CHOSA Sizzles Through Healthy Innovations

by Christina Acosta
La Prensa
March 7, 2018

The Culinary Health Education for Families (CHEF) program at The Children’s Hospital of San Antonio (CHOSA) celebrated their Innovation Award with a healthy cooking demonstration.

The award was presented at the annual Healthy Kitchens, Healthy Lives Conference in Napa, California this month. The award recognizes the nation’s leading health professional training programs providing innovative nutrition, physical activity and obesity counseling education to their students.

Parents and children had the opportunity to look at Maria Palma, program director and chef at the CHEF program, make a vegetable frittata and Greek yogurt with fruit. For Palma, it is very important to include the most essential cooking skills that families need to have and recipes needed to go along with those cooking skills.

“We teach families how to cook with cauliflower rice instead of white rice, just whole wheat flour instead of white flour,” said Palma. “We believe that they are small changes will lead to bigger improvements. My philosophy is to help to educate others.”

Statistics show fewer than 30 percent of medical schools meet the minimum number of hours of education in nutrition and exercise science recommended by the National Academy of Sciences, Engineering and Medicine. While 94 percent of physicians agree nutritional counseling should be a part of a patient visit, only 14 percent of doctors feel they have adequate training to do so.

Since CHEF’s launch in 2015, the program has offered culinary medicine training in a teaching kitchen to physicians, registered dietitians, allied health professionals, hospital associates, patients and their caregivers. Classes are led by a specially trained team, where they teach basic nutrition and practical cooking skills to eat away diet-related diseases.

To date, CHEF has provided hands-on culinary medical training to more than 160 physicians. In turn, physicians have made more than 730 clinical referrals to the CHEF program at the hospital. CHEF at The Children’s Hospital is part of a larger CHEF network of community teaching kitchens in San Antonio, made possible with funding from Goldsbury Foundation.

Recognizing that physicians receive virtually no formal nutrition education and no training in healthy cooking, CHEF is a uniquely valuable resource for health care providers committed to stemming the tide of diet-related diseases. CHEF trains and certifies physicians and other medical providers in culinary medicine so they may incorporate CHEF teachings into their practice.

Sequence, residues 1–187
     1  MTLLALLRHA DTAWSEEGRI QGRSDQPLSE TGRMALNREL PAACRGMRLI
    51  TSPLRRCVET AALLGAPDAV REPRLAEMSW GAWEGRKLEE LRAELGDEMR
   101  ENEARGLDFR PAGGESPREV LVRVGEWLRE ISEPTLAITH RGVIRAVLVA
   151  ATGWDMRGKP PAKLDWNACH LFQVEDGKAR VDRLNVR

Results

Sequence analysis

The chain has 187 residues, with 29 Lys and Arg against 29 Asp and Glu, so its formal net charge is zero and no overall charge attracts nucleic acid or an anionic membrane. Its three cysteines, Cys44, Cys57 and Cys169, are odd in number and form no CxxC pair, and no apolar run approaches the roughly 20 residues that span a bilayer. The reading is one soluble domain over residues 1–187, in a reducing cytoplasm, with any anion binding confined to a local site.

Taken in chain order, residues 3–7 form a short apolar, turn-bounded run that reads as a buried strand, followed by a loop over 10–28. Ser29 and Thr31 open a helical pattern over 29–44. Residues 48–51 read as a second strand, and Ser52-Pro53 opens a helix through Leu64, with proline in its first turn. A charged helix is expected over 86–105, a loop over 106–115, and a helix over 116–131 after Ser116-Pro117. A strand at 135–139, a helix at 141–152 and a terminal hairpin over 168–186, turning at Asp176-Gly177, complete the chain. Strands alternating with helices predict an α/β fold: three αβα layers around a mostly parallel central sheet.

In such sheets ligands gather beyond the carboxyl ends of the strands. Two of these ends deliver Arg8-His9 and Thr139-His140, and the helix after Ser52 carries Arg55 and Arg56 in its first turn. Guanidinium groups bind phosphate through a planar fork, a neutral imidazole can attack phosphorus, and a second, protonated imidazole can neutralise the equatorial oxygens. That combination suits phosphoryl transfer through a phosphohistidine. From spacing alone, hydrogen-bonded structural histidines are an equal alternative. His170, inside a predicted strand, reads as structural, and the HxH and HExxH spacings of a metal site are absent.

“We want doctors to understand that this is not only available to their patients, but also a tool to use as a part of their intervention,” said CHOSA medical director Dr. Julie La Barba, FAAP. “Most doctors in this hospital don’t have an hour to spend for on food, so they create a jump off point with patients and say they want them to go to the teaching kitchen and they prescribe that.”

According to North Dakota State University, family meals allow parents an opportunity to be aware of and monitor their children’s moods, behaviors and activities with friends. Parents know what their kids are doing, who they are with and where and when their activities are taking place.

Family meals make a positive impact on young children’s language acquisition and literacy development. Family meals furnish a daily opportunity for a parent or sibling to speak to an infant or toddler, and help them learn words, understand language and build conversation.

There is wide-ranging evidence that family meals are an important “protective factor” in the lives of children and teenagers. Family meals are associated with a variety of positive outcomes that improve child well-being. These include a decreased risk of substance use or delinquency, heightened personal and social well-being, and better academic performance.

Anna Gafford, along with her eight and 12 year old daughters, are on their third class with CHEF and enjoying new options for the dinner table. Her daughter Diana was referred to the program after going through speech therapy for feeding issues.

This program has given Diana not only the opportunity to try two new vegetables, but also creates a sense of independence  and ownership of her family’s health.

“I think in all we are excited that they are giving more options and expanding their palettes in different ways and so for us that is a big deal,” said Anna Gafford. “It was quite successful and there were some textures that she did not adapt it to yet. She had previously refused the process of being responsible for herself and has expanded her palette.”

For more information about the program, visit